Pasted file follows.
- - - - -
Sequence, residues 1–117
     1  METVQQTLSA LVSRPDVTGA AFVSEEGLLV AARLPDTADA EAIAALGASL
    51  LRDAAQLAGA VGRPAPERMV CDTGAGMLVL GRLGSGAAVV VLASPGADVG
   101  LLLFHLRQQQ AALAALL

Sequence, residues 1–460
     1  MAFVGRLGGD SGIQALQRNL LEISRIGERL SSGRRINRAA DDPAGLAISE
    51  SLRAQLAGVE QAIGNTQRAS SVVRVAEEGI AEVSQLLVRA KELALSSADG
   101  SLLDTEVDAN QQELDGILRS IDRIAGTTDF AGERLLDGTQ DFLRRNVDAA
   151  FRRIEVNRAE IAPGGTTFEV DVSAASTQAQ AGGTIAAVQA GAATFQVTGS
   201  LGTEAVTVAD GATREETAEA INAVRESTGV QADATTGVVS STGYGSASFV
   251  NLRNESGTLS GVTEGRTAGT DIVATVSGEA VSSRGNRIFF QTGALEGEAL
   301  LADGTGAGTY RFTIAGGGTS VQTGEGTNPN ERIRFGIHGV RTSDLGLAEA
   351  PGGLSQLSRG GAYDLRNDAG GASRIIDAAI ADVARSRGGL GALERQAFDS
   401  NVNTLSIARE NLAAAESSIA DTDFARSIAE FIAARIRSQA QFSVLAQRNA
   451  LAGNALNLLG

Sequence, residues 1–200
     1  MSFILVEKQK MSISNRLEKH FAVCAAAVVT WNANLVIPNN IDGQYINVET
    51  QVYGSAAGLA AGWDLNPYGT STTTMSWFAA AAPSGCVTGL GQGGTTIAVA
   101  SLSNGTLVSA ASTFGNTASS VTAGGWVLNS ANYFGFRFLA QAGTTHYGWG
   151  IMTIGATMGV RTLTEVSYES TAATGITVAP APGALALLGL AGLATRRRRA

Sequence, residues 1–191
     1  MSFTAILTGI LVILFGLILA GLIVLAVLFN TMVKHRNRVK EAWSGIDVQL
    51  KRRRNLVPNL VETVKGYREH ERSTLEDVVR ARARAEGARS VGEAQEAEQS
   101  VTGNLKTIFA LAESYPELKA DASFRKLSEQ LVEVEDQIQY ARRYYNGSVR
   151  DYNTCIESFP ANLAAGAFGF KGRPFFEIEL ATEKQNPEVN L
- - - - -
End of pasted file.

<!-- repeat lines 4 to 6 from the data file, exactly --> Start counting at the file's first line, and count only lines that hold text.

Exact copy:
   101  LLLFHLRQQQ AALAALL

Sequence, residues 1–460
     1  MAFVGRLGGD SGIQALQRNL LEISRIGERL SSGRRINRAA DDPAGLAISE